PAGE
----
N.B. — This post is based on one of the continuously expanding roster of Actionable Patient Safety Solutions (APSS) a.k.a. “Challenges” as defined and described by the Patient Safety Movement Foundation (PSMF) and published at its web site (http://patientsafetymovement.org/challenges-solutions/actionable-patient-safety-solutions-apss/). Because the Foundation has set a goal of Zero Preventable Patient Deaths by 2020 (http://patientsafetymovement.org/), these APSS are understood to represent the most significant patient safety exposures created by medical mistakes, and medical mistakes are the third most frequent cause of patient deaths following heart disease and cancer (http://www.bmj.com/content/353/bmj.i2139).
“Implementing a culture of safety will require an implementation plan to complete the following actionable steps:
- Achieving a culture of safety in a healthcare requires transformational change which is owned and led by the top leaders of the organization, including the board.
- Transparency, both within and outside of the organization, drives improvement across the continuum of care.
- Understanding and implementing Just Culture is essential for transitioning from a culture of shame and blame to one of trust and respect, but with accountability.
- If patient harm results from a medical error: apologize in 30 minutes, pay for all care, seek a just resolution; provide a credit card for future care of survivor of harm.
- Creation of a reliable means to capture and analyze good catches/near-miss is the key to identifying and addressing unstable processes and systems.
- Both safety culture and patient outcomes require continual assessment: “What is measured gets managed.”
- Hospital governance and senior administrative leadership must commit to the major performance gap. Leaders cannot simply be “on board” with patient safety – they must own it.
- Create and maintain five components of a safety culture to achieve a high-reliability organization:
- Establish Trust
- Establish Accountability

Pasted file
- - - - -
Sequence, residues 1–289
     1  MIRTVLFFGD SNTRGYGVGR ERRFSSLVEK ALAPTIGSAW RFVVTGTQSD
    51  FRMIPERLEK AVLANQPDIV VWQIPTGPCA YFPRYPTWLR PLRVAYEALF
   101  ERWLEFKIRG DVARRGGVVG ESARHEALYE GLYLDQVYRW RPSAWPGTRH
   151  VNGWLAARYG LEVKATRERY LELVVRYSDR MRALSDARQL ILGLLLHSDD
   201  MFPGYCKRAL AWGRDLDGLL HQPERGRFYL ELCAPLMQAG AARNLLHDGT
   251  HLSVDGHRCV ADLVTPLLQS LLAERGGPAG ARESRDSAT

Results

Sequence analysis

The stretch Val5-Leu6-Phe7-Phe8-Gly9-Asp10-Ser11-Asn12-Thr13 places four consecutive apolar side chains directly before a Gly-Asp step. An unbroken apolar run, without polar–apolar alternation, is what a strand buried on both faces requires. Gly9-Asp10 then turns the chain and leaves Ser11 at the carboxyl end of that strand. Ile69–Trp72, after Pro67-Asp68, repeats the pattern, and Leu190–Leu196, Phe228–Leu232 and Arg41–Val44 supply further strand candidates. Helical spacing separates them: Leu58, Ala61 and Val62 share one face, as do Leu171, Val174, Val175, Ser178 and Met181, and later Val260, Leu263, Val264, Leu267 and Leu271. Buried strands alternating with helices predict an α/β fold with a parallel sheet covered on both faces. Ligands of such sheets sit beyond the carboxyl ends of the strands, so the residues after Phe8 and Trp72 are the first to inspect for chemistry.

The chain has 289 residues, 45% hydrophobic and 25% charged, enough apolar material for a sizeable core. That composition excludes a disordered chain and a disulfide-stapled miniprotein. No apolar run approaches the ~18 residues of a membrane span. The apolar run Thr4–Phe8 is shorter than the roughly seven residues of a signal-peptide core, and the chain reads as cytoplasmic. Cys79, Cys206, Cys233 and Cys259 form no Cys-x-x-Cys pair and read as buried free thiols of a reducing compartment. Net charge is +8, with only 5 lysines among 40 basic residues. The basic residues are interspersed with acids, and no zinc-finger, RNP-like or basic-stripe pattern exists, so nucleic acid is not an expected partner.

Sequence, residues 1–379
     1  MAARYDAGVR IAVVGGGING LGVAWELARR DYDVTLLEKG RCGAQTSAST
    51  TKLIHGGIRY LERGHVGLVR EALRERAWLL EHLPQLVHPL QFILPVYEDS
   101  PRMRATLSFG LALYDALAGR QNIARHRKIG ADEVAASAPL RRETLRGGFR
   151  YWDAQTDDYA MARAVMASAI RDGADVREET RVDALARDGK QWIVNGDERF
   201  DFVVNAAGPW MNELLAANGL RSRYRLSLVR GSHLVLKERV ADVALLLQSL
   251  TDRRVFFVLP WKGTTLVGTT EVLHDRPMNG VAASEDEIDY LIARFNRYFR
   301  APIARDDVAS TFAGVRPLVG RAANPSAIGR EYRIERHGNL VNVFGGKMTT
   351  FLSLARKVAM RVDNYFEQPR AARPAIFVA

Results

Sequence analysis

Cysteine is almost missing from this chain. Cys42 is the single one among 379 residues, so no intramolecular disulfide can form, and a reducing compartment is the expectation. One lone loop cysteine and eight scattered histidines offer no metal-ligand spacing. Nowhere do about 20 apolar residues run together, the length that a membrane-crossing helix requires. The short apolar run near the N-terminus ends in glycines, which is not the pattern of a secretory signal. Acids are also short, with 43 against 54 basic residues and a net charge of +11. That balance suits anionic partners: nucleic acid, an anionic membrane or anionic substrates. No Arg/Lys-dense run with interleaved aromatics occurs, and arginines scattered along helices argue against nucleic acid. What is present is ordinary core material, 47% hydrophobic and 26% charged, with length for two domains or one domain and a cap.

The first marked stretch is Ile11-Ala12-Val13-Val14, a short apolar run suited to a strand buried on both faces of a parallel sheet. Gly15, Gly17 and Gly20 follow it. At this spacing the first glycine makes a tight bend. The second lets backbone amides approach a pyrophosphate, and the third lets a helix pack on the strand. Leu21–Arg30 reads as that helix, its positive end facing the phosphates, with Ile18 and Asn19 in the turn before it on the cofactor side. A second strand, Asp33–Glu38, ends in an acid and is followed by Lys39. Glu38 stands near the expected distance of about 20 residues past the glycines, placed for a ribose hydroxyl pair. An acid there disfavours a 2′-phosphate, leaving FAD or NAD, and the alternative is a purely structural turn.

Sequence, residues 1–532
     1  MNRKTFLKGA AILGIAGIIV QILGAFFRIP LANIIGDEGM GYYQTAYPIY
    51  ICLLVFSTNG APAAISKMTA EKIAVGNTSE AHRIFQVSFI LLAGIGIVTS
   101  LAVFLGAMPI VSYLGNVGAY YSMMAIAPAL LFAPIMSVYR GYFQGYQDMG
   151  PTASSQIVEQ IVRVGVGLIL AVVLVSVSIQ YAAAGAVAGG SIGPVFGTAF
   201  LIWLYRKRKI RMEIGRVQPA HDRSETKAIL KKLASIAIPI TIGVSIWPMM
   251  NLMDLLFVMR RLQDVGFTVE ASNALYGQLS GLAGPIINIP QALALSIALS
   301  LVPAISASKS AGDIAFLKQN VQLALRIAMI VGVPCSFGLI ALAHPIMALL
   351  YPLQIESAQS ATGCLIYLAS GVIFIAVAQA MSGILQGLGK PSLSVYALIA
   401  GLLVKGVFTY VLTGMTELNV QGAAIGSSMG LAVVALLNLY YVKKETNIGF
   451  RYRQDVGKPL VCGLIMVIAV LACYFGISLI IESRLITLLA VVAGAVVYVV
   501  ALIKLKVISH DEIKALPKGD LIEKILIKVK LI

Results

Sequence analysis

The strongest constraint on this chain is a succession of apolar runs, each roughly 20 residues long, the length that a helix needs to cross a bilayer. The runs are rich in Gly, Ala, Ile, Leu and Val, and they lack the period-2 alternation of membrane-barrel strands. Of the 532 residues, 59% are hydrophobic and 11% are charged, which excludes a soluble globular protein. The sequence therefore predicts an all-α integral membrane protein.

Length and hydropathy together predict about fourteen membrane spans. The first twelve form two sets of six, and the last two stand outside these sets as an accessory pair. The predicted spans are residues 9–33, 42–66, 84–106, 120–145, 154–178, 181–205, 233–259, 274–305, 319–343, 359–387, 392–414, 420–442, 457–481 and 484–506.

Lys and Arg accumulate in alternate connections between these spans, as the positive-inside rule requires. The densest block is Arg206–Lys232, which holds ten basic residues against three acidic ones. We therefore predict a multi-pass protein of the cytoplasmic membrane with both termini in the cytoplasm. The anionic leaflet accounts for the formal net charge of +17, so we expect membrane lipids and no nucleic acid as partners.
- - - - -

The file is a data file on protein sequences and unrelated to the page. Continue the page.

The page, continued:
- Identify unsafe conditions
- Strengthen Systems
- Assess and Continuously Improve the Safety Culture
- Develop a strong infrastructure ensuring:
- Budgets allow for an adequate number of quality and patient safety professionals
- Implementation and ongoing monitoring of a comprehensive patient safety program that is approved by the Board of Trustees.
- Create an internal working group made up of quality department, nursing, risk management, patient safety, patient advocacy and regulatory leaders.
- Develop a ‘Good Catch’ Program to recognize and reward staff for reporting near misses or system issues.
- Implement an electronic adverse event reporting system that allows for anonymous reporting, tracking, trending and response to aggregate safety data.”
The foregoing quote constitutes the “Executive Summary Checklist” from the above-captioned PSMF APSS Challenge #1 (http://patientsafetymovement.org/challenge/creating-a-culture-of-safety/). Although the included bullet points are laudable and appropriate, they relate for the most part to administrative and technical “human factors,” which inherently are problematic for reliably repeatable execution. Only the items “Creation of a reliable means to capture and analyze good catches/near-miss is the key to identifying and addressing unstable processes and systems” and “Implement an electronic adverse event reporting system that allows for anonymous reporting, tracking, trending and response to aggregate safety data” lend themselves to information technology (IT) enablement a.k.a. automation. These are the opportunities for a CHARTSaaS reference architecture-compatible solution to reliably mitigate mistakes and to save lives. Please validate this proposition to your own satisfaction by reviewing the details of the Cloud Healthcare Appliance Real-Time Solution as a Service (CHARTSaaS) and its reference architecture in these presentations and imagining an IT solution: